[After discussing the 20% reduction in mortality found in the European study] But in terms of individual risk, even that is not a huge benefit. It means that a man who isn’t screened has about a 3 percent average risk of dying from prostate cancer. If that man undergoes annual P.S.A. screenings, his risk drops to about 2.4 percent.
And there is an important tradeoff. P.S.A. testing increases a man’s risk of being treated for a cancer that would never have harmed him in the first place. The European study found that for every man who was helped by P.S.A. screening, at least 48 received unnecessary treatment that increased risk for impotency and incontinence. Dr. Otis Brawley, chief medical officer of the American Cancer Society, summed up the European data this way: “The test is about 50 times more likely to ruin your life than it is to save your life.”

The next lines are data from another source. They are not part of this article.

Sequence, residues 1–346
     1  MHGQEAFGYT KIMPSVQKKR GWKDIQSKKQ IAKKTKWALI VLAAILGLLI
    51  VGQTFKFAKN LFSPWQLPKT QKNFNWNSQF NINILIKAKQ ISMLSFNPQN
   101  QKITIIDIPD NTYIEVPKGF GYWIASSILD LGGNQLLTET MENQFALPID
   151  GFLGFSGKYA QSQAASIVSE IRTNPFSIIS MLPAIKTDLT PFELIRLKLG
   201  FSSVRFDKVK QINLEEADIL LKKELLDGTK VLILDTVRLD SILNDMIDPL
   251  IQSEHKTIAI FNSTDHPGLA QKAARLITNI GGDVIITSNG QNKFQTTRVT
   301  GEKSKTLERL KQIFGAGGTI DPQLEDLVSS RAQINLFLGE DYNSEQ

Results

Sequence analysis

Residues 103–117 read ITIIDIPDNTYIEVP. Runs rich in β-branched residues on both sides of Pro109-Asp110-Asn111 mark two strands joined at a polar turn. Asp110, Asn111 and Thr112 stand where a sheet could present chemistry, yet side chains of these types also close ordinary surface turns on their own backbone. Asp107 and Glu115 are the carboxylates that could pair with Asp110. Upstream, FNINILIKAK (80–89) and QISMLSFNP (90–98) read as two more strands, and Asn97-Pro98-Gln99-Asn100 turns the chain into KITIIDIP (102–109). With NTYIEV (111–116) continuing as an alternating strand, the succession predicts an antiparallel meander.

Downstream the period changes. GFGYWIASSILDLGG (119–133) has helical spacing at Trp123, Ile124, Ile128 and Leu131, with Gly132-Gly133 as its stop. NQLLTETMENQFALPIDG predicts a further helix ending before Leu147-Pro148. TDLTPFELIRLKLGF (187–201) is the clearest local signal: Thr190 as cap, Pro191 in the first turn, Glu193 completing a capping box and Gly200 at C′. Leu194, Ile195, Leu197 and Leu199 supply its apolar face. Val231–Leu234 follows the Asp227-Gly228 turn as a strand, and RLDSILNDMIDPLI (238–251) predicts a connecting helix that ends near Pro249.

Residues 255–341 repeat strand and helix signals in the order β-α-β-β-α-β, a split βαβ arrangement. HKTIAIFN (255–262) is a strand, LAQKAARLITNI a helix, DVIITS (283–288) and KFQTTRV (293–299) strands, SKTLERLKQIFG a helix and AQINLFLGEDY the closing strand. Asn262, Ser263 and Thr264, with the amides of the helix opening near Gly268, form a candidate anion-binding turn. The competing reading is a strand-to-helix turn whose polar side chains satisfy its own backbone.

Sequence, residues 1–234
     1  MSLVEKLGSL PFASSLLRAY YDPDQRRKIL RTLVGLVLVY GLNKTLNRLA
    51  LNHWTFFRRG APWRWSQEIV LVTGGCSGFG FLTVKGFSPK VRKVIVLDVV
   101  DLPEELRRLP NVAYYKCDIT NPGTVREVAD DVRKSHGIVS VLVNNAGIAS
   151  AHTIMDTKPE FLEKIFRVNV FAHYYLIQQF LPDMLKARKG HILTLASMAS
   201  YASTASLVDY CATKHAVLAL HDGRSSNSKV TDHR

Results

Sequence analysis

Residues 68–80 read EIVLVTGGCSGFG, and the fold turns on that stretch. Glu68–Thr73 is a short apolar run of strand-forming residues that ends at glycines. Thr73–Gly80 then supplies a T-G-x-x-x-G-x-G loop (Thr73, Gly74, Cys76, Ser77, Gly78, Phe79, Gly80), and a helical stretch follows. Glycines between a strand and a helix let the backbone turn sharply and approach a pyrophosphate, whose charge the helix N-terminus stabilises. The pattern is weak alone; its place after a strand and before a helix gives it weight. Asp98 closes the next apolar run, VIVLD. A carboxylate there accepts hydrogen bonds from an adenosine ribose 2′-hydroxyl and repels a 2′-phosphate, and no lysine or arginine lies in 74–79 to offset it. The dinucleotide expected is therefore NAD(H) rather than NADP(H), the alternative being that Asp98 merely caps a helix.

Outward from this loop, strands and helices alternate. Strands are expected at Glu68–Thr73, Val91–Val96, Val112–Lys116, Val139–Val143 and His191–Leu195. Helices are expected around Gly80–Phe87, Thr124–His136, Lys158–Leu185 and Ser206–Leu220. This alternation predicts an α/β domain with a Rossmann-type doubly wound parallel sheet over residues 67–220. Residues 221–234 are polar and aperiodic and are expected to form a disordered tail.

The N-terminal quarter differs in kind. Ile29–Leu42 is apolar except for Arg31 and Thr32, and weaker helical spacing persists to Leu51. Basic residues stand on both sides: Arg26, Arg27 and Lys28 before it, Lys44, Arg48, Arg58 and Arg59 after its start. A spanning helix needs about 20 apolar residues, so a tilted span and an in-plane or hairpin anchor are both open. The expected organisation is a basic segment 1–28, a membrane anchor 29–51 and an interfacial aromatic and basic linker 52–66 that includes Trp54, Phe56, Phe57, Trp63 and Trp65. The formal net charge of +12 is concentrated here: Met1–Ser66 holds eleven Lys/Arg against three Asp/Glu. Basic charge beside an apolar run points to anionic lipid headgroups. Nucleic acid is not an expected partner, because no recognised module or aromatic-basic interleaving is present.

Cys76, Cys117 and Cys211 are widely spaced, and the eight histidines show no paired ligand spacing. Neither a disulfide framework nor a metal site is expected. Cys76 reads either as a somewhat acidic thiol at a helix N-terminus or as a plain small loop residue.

I loved this beat which covers the difference between relative and absolute risk and NNT: